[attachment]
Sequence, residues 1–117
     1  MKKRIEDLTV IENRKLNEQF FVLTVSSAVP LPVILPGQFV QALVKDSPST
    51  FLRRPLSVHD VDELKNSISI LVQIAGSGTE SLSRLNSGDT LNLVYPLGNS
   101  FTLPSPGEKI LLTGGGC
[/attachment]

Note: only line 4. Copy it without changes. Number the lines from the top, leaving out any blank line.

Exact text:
   101  FTLPSPGEKI LLTGGGC